art quilt

The Process!

Hi! Thank you for viewing my art process! Each piece is an original piece of art created by myself.

The Zentangle inspired art pieces are created with a blank white piece of fabric. Temporary lines are drawn as the base of my art planning. Then I free-hand everything else with black ink and add color with ink or paint.

Once the ink and color are done, I add cotton batting and quilt the piece, sew a fabric border and staple it to a stretched canvas frame.

The photo quilts start with a photo that I have taken of scenes around our Buffalo, NY area. I create my pattern by tracing the colors, shades, and shapes on the picture, enlarge it to the size I want. Using this paper pattern, I cut the big shapes out of fabric and glue each piece on, then sew around each piece to secure the fabric to the base of the quilt.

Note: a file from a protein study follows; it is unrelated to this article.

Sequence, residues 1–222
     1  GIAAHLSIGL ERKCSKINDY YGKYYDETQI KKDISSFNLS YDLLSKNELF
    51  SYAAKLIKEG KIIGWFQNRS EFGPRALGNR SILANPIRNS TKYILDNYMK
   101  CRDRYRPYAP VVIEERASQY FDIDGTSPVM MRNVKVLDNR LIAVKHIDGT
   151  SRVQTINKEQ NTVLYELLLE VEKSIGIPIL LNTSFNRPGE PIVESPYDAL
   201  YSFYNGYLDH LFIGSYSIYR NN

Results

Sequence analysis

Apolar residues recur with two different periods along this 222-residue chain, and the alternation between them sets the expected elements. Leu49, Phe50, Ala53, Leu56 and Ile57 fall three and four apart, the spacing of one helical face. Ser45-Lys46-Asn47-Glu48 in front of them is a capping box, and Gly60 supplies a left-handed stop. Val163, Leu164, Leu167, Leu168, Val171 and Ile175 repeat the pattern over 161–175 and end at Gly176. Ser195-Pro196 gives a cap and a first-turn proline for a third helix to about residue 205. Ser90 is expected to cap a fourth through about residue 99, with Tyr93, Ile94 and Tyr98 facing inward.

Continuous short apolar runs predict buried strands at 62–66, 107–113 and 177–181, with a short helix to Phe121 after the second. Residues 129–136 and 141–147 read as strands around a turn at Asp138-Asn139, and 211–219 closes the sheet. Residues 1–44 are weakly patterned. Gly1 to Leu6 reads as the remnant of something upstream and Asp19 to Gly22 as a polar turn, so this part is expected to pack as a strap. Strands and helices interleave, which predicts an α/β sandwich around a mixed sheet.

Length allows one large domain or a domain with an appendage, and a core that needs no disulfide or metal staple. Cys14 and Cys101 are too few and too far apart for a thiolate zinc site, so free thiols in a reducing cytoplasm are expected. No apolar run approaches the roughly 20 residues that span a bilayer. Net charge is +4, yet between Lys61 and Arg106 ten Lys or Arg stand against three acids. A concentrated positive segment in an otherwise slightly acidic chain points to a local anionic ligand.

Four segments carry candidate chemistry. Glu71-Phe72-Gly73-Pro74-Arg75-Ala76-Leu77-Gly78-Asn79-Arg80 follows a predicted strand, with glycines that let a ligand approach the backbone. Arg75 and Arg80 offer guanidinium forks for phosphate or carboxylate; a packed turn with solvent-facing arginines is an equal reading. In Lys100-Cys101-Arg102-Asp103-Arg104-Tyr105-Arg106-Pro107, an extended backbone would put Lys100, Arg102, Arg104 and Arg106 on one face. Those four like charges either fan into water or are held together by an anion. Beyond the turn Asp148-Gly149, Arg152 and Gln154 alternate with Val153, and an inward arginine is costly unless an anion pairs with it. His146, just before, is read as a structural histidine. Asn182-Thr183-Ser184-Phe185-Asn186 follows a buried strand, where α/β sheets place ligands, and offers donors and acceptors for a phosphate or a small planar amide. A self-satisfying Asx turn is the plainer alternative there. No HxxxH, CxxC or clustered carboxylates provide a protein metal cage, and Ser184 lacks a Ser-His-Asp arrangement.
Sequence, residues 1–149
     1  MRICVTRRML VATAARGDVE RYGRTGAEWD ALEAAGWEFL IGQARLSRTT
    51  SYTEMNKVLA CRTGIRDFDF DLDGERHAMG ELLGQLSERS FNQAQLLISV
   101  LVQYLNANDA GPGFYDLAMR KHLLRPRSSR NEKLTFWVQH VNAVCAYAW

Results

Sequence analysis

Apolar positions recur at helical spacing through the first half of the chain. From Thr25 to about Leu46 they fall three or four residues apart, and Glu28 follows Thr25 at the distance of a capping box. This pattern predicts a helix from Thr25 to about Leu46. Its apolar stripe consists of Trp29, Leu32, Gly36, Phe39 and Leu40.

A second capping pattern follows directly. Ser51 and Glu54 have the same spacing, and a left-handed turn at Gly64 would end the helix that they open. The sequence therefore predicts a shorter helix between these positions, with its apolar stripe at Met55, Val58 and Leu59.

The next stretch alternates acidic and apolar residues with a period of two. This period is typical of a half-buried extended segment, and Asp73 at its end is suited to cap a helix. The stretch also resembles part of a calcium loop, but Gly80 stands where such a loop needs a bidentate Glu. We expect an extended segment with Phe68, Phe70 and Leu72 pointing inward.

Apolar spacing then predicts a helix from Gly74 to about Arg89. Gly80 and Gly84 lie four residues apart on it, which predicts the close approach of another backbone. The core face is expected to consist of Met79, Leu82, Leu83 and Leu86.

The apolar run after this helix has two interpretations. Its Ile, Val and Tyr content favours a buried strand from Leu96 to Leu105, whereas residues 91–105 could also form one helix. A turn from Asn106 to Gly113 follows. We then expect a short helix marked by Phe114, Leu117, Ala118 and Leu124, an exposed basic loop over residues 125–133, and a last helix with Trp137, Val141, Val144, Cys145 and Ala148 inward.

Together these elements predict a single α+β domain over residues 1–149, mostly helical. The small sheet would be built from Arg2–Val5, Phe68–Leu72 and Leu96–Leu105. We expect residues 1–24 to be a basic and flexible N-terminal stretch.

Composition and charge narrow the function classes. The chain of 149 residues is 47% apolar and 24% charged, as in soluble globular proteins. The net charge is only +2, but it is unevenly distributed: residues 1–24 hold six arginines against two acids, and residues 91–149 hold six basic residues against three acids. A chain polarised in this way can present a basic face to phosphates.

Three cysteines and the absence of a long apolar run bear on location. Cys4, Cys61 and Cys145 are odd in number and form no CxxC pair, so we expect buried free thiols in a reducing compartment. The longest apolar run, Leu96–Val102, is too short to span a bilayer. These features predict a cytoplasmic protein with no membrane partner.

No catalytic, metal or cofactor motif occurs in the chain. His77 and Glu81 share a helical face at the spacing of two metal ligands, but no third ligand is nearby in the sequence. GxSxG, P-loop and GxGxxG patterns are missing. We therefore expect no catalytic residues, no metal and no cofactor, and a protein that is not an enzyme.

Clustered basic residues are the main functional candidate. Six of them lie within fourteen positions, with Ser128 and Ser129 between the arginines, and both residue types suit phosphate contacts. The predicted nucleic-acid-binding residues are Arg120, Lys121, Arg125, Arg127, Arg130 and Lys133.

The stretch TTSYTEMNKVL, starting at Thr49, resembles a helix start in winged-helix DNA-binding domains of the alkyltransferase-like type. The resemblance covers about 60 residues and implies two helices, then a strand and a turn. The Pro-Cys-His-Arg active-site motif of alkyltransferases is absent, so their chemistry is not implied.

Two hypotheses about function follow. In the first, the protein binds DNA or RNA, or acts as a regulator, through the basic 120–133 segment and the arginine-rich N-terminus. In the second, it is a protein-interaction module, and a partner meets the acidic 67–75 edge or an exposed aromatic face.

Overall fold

Then the fun part comes! Painting brings out the specific color that I want as well as the fine details that I cannot achieve with fabric. Lastly, each piece is quilted, sewn fabric border, and stapled onto the stretched canvas frame.

Little known fact……My dad was an upholsterer and he taught me some of the upholstery skills like using a staple gun that I still use today!

My pocket hugs started in January 2021 during the Pandemic. I saw that other people were making this same basic idea of showing someone you care by sending them a token they can touch and hold.

Mine turned out to also include words of positivity and gratitude as well as the Zentangle inspired artwork I draw on each one. Some of these photos show the temporary registration marks that I place on the fabric to guide me. These marks are removed.